'As I watched Sacred Games, I kept flinching at the thought of all the thorns poised to lodge themselves in the sides of the thin-skinned,' says Mitali Saran.
The first original Netflix series from India, Sacred Games, goes down dead smooth.
I watched all eight episodes of the first season back-to-back, with a sense of disbelief at how good it is.
Anurag Kashyap and Vikramaditya Motwane bring life to Vikram Chandra's brilliant 2006 novel, casting actors who play gritty roles with excellence, and look and sound like real people in complicated positions, who don't look fantastic all the time, aren't all good or all bad, and who don't have all the answers.
Sacred Games is a mobster-cop potboiler set in the context of the communal bloodletting of the 1990s.
It dives straight into the volcanic heart of religion and politics.
There is corruption and venality.
Events and characters exhibit a most life-like ambiguity.
There is brutality and casual violence, and nudity, and sex, and language that would char your granny's ears.
It also has its flaws and will be critiqued in all sorts of ways, but this is not a review.
To me, the series is a reaffirmation of Indian talent -- talent that we inevitably go on to hobble and bludgeon by turning ideas into minefields.
And therefore, as I watched Sacred Games I kept flinching at the thought of all the thorns poised to lodge themselves in the sides of the thin-skinned.
Will the Sangh Parivar sue it for showing Hindu terrorism, or misappropriate it to stoke fears of Muslim terrorism?
In the infantilised sphere of public entertainment, where words such as 'ass' and 'bra' are bleeped out of television shows, how many self-styled custodians of public morality will spring to denounce it as 'against Indian values'?
Will people cry foul over the damage to some imagined image of India that they are always burnishing in their heads?
How many politicians will take offence at how they are portrayed?
How many nutjobs will claim grave injury of one kind or another yet again?
Because when you come across a creative or an academic enterprise that actually deals with India, either imaginatively or academically, you brace for impact.
The damage to rights and freedom of expression that the Congress did in bending over backwards for vote banks -- think Salman Rushdie, M F Husain, Taslima Nasreen, James Laine -- the BJP is today multiplying at speed, by bending over backwards, forwards, sideways, and inside out purportedly on behalf of Hindu sentiments.
Sacred Games is just the kind of thing that litigious Hindutva trolls love.
If only their colossal capacity for filing an FIR every time they feel bad could instead find expression as blogposts or reviews or opinion pieces, which would actually contribute to our cultural archives, instead of sanitising them.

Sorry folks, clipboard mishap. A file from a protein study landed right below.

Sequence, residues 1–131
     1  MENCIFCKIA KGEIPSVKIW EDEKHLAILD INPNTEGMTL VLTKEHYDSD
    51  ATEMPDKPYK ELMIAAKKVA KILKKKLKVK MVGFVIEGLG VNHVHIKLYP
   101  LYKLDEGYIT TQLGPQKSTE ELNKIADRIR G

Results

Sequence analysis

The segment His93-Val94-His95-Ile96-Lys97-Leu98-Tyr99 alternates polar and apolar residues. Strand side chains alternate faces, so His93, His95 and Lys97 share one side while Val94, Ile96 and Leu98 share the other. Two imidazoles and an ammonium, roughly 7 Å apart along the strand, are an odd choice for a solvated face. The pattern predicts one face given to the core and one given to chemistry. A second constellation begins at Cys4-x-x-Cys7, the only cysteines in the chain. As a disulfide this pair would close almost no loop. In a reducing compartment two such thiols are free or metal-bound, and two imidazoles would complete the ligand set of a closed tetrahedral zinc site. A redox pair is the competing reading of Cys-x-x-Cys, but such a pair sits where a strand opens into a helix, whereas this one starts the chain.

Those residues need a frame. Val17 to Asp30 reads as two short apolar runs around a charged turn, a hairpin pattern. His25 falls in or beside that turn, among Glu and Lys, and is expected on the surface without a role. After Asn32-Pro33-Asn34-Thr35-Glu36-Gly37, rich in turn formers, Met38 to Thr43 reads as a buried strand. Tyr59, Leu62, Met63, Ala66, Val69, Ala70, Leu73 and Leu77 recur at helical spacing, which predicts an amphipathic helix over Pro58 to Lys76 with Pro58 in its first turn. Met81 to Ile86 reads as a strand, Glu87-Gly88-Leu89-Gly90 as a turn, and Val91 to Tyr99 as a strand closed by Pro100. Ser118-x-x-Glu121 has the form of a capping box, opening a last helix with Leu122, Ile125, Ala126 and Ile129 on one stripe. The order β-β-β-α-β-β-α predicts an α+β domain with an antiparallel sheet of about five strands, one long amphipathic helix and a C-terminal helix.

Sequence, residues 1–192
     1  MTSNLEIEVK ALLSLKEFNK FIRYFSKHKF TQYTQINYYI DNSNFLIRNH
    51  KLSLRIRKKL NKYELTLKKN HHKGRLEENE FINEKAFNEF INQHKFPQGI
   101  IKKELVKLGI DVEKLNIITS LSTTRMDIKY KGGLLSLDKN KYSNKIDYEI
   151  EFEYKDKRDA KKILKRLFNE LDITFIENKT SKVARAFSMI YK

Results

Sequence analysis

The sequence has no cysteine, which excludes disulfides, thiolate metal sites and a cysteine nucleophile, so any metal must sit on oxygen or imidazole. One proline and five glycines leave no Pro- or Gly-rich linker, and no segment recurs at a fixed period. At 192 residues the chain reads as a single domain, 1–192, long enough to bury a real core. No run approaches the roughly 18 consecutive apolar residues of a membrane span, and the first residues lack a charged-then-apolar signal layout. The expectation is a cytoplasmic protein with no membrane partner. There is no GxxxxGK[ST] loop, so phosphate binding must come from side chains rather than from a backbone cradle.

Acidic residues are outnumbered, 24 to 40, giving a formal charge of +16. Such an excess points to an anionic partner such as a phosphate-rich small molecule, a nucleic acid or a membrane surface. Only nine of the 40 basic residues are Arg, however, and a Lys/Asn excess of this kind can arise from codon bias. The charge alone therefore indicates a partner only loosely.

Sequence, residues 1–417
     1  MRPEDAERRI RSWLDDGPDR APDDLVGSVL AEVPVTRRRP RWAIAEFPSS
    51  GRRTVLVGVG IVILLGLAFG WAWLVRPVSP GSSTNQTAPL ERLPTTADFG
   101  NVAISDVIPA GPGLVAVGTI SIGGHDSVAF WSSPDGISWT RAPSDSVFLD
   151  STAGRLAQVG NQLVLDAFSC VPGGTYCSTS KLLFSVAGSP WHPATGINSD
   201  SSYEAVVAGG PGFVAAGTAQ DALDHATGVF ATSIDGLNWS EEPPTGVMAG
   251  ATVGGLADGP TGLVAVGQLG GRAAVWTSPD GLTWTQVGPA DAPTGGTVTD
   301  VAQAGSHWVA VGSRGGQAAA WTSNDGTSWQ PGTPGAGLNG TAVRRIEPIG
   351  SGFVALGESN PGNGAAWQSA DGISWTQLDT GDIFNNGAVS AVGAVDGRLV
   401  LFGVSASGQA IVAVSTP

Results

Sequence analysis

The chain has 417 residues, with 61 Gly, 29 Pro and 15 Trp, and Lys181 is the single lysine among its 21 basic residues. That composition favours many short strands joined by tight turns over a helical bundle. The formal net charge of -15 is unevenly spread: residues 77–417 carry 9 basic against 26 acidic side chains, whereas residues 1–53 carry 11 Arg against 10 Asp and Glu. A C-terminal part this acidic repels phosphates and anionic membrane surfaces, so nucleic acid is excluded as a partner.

Litigation is a powerful tool for censorship and distortion of history that we are constantly subject to, and of which the BJP is currently in the driving seat.
The day after I finished watching the series, a Congress politician filed a complaint demanding that Netflix remove the episode that makes reference to former prime minister Rajiv Gandhi's role in the Bofors scam, the Shah Bano verdict, and the Babri Masjid controversy, on the grounds that it is defamatory not only to Rajiv Gandhi but also to his family.
A party spokesperson went on to defend this absurdity.
A second Congress activist lodged a similar complaint.
That dull booming you hear is the sound of millions of citizens banging their heads rhythmically against the wall.
Art and academia that deal with un-sanitised life -- personal, cultural, historical, and national -- are an important part of the record.
Each expression offers a different way to look at ourselves.
Engaging with, or at least not squashing, a multiplicity of such expressions is a better way to understand ourselves than consuming only a public relations view.
Why can the Opposition not set an example by resisting the urge to come out smelling like roses at all times, instead of putting their shoulders to the same regressive wheel?
In the end, we all lose.
Ideas that are, or used to be, unremarkable -- because they are historical fact, for instance -- can now electrocute you.
Some, such as Hindu pride, have been weaponised; others, such as beef-eating, have become radioactive.
The notion of insult has taken on absurd proportions.
Fewer and fewer things will not bring hellfire down upon the head of a film-maker, historian, artist, novelist, or playwright.
Intellectual and artistic endeavour is corralled by an ever-tightening ring of fire -- anyone who gets too close with innovation gets burned by lawsuits or violence.
It traumatises our relationship with history, art, culture, and human relations, and cheats us out of an honest collective reckoning with ourselves.